Scherzo for keyboard in D minor,
BWV 844a (variant of BWV 844) (?)
Prelude for keyboard in C major,
BWV 924 (WFN 2) (?)
Prelude for keyboard in C major,
BWV 924a (WFN 26) (?)
Prelude for keyboard in D major,
BWV 925 (WFN 27) (?)
Prelude for keyboard in A minor,
BWV 931 (WFN 29) (?)
Prelude for keyboard in E minor (fragment),
BWV 932 (WFN 28) (?)
Presto for keyboard in D minor,
BWV 970
Works for Musical Clock:
Fantasia in G major, BWV Anh 133
Scherzo in G major, BWV Anh 134
Bourlesca in A minor, BWV Anh 135
Trio in A minor, BWV Anh 136
L'Intrada della Caccia, BWV Anh 137
Continuazione della Caccia, BWV Anh 138
Il Fine della Caccia 1, BWV Anh 139
Il Fine della Caccia 2, BWV Anh 140
O Gott die Christenheit (Psalmlied), BWV Anh 141
Psalmlied zu Psalm 110, BWV Anh 142
Polonaise in E minor, BWV Anh 143
Polonaise Trio in A minor, BWV Anh 144
March in C major, BWV Anh 145
March in F major, BWV Anh 146
La Combattuta, BWV Anh 147
Scherzo in G minor, BWV Anh 148
Minuet in G major, BWV Anh 149
Trio in G minor, BWV Anh 150
Vocal Works:
Kyrie in G minor, BWV Anh 168, Fk 100
Sonata (Concerto) for 2 keyboards in F major, BWV Anh 188, Fk 10

Arrangements of J.S. Bach's Works

Additions of trumpets and timpani parts to the opening chorus (Mvt. 1) of Cantata BWV 80: Ein' feste Burg ist unser Gott

Cantata BWV 30 Freue dich, erlöste Schar (June 24, 1738 or a year or two later)
Bach’s autograph title page for the score does not list trumpets and timpani. Someone, probably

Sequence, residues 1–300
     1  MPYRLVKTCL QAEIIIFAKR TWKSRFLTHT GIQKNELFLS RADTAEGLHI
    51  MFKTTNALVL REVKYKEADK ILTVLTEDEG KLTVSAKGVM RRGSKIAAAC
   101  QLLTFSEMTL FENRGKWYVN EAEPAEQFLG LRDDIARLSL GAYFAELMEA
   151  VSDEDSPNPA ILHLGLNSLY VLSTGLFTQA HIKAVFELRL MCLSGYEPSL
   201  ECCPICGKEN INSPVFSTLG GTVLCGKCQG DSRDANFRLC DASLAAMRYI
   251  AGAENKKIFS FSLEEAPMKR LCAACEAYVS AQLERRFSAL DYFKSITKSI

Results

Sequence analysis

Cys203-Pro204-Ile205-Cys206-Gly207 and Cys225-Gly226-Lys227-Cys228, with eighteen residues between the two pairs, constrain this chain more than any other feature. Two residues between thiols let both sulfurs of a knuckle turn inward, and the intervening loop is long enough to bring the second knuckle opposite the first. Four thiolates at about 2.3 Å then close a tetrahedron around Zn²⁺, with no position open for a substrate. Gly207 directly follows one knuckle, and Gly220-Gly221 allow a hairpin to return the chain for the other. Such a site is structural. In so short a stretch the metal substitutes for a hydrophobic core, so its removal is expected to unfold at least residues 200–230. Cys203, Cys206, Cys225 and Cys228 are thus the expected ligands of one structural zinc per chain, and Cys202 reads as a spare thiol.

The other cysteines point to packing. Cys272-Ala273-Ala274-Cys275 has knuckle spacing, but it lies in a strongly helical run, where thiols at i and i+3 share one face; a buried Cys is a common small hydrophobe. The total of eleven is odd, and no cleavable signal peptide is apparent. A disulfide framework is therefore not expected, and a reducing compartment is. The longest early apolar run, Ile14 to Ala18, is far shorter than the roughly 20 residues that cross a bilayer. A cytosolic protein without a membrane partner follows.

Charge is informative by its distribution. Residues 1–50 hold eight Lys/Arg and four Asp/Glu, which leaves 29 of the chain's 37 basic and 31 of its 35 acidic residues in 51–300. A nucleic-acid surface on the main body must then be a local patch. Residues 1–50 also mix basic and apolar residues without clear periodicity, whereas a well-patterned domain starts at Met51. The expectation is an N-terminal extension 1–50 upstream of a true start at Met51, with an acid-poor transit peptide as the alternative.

C.P.E. Bach, later added in parentheses “concordant e se piace a 3 Trombe e Tamburi”. The original set of parts does not include the parts for trumpets and timpani; however, the 3 parts for Clarino 1, Clarino 2, and Timpani (for mvts. 1 & 12) in W.F. Bach’s handwriting were added later (probably for a performance of this work in Halle). Later C.P.E. Bach came into possession of the score and parts and it was listed in his estate at the time of his death (1790).

Works performed by J.S. Bach

Concerto for Two Harpsichords in F major, Fk 10 - performed by J.S. Bach & Collegium Musicum in Leipzig c1742

Use of Chorale Melodies in his works


Chorale Melody


Ertönet, ihr seligen Völker, Cantata, F. 88 (BR F15) (parts by D. Stoppe; parody of cantata Act Gott, Himmel sieh darein)

Ach Gott, vom Himmel sieh darein

Ach Gott, vom Himmel sieh darein, Cantata, F. 96 (BR F19)

Ach Gott, vom Himmel sieh darein


Organ Trio on Allein Gott in der Höh sei Ehr (lost)

Allein Gott in der Höh sei Ehr

Durch Adams Fall, Chorale Prelude for Organ, F. 38/1/4 (BR A96)

Durch Adams Fall ist ganz verderbt

Jesu, meine Freude, Chorale Prelude for Organ, F. 38/1/3 (BR A95)

Jesu, meine Freude

Nun komm der Heiden Heiland, Chorale Prelude for Organ, F. 38/1/1 (BR A93)

Nun komm, der Heiden Heiland

Chorale Prelude for organ Was mein Gott will, das gscheh allzeit, F. 38/1/5 (BR A97), from 7 Chorale Preludes for Organ

Was mein Gott will, das g’scheh allzeit

Wir Christenleut, Chorale Prelude for Organ, F. 38/1/6 (BR A98)

Wir Christenleut habn jetzund Freud

Links to other Sites

HOASM Wilhelm Friedemann Bach
Bach, Wilhelm Friedemann: Biography (Sojurn)
Classical Net - Basic Repertoire List - WF Bach
Wilhelm Friedemann Bach (1710-1784) (Karadar)
Bach, Wilhelm Friedemann (1710-1784) (Naxos)
Wilhelm Friedemann Bach (Weltchronik) [German]
Klassika: Wilhelm Friedemann Bach (1710-1784) [German]

Wilhelm Friedemann Bach (Wikipedia)
Wilhelm Friedemann Bach (Wikipedia) [German]
Wilhelm Friedemann Bach (Encyclopædia Britannica)
Wilhelm Friedemann Bach (
allmusic ((( Wilhelm Friedemann Bach > Overview Bach, Wilhelm Friedemann (WQXR)


Eugene Helm: "Wilhelm Friedemann Bach," in Christoph Wolff et. al., The New Grove Bach Family. NY: Norton, 1983 (ISBN 0393300889), pp. 238-50.

Biographies of Poets & Composers: Main Page | A | B | C | D | E | F | G | H | I | J | K | L | M | N | O | P | Q | R | S | T | U | V | W | X | Y | Z
Bach & Other Composers

Terms of Use | Privacy Policy | Copyright Policy
© 2000-2017 Bach Cantatas Website


Back to the Top

Last update: Wednesday, June 14, 2017 08:44